Tongue and Taste

Art & Research: Michael Kearney

Further Reading Literature: Michael Kearney

How does the tongue recognize different tastes?

Papillae vs Taste Buds

A concept that is critical in understanding taste is the difference between papillae and taste buds. Papillae are the bumps that you can see on the surface of your tongue and are not your taste buds (Source: Neuroscientifically Challenged). Taste buds, however, are located in the walls and crevices of these papillae and are responsible for tasting substances (Source: WhatsUp Dude). 

Step 1:

Bits of food particles fall into the crevices of the papillae. These food particles fall into the taste pore of the taste bud, which is considered to be the opening of the taste bud (Source: WhatsUp Dude).

Step 2:

The taste hairs come into contact with fallen food particles that can be tasted, also known as tastants (Source: Neuroscientifically Challenged). These tastants bind to taste receptor cells that are specific to their taste: sour, salty, sweet, savory, and bitter (Source: Frontiers for Your Minds). 

Step 3:

To relay specific messages to the brain, these cells must be depolarized or stimulated, causing ions to rapidly shift and release neurotransmitters and ATP, which are chemical substances and molecules used for cellular energy, respectively (Source: Neuroscientifically Challenged). Neurotransmitters and ATP are released depending on the type of cell. Type II cells that detect sweet, savory, and bitter tastes release ATP, while Type III cells that detect sour release neurotransmitters, such as serotonin (Source: Neuroscientifically Challenged). The primary sensory neurons are ignited, creating an impulse (Source: Frontiers for Young Minds). In other words, these sensory neurons are nerve cells that become activated from external stimuli, and they will produce an electrical impulse that will be sent to other areas of the body to communicate a certain message (such as the brain).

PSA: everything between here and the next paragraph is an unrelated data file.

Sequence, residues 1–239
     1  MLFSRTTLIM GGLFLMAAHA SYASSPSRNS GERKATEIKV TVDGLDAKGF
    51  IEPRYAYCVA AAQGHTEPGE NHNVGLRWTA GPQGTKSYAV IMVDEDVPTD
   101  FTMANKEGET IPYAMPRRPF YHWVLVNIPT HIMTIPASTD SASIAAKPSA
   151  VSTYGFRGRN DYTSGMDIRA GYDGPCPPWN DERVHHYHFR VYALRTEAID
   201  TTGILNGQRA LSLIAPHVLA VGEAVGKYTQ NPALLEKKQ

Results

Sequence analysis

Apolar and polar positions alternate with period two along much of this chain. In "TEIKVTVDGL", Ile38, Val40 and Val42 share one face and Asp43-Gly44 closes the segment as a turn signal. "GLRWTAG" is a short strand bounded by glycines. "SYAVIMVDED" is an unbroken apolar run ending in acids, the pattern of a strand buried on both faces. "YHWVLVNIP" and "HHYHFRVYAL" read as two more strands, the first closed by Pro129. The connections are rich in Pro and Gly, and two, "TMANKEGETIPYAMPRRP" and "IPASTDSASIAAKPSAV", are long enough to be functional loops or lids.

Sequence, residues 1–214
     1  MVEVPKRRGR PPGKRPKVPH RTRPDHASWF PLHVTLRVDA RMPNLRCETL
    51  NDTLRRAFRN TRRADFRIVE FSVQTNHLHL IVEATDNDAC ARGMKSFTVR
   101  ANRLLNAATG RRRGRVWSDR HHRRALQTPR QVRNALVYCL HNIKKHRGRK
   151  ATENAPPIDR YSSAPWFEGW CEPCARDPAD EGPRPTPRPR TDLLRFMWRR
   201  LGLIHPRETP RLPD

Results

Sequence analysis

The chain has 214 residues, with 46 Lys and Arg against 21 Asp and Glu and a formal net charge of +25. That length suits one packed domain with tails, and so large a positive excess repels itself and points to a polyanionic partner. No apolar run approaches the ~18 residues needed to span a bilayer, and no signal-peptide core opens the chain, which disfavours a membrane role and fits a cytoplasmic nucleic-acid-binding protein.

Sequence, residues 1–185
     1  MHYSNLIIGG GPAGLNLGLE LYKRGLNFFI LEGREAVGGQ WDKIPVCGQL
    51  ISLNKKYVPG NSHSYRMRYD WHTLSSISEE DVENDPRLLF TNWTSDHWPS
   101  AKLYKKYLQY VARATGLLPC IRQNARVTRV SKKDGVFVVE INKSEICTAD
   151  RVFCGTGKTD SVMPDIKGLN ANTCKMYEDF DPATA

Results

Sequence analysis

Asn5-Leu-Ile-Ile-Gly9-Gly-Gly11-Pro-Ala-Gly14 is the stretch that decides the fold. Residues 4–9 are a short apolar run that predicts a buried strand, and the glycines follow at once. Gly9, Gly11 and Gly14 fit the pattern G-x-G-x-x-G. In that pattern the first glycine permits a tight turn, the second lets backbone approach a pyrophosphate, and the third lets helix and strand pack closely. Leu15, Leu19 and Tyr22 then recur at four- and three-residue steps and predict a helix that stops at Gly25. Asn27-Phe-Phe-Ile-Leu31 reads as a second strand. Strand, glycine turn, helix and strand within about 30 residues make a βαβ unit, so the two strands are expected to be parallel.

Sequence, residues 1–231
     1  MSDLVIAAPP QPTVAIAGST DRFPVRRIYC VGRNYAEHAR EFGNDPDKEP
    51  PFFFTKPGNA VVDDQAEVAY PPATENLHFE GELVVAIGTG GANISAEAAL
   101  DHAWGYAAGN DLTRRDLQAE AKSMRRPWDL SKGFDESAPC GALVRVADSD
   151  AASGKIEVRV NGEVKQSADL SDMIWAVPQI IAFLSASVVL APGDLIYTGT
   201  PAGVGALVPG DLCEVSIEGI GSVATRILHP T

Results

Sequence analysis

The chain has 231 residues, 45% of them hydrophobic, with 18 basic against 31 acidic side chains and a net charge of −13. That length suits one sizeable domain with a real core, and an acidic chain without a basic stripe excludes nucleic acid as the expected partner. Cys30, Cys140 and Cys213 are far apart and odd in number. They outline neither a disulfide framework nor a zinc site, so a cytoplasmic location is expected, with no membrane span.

Step 4:

The primary sensory neurons run impulses to the cranial nerves located above. The three important cranial nerves involved in tasting are facial, glossopharyngeal, and vagus nerves, which all connect to the taste regions in the brainstem (Source: How Taste and Smell Work). The facial nerve responds to cells in the front ⅔ of the tongue, the glossopharyngeal nerve is the back ⅓ of the tongue, and the vagus nerve is the back of the mouth and part of the esophagus (Source: Neurological Aspects of Taste Disorders). 

Step 5:

Once the impulses reach the brainstem, they travel up towards the thalamus, which is responsible for sorting sensory information (Source: Neuroscientifically Challenged). Once the sensory information has been stored, it then can be sent to the gustatory cortex, which is located in the outer portion of the brain called the cerebral cortex. In the gustatory cortex, this is where specific tastes are perceived and interpreted which allows us to experience different tastes (Source: How Taste and Smell Work). 

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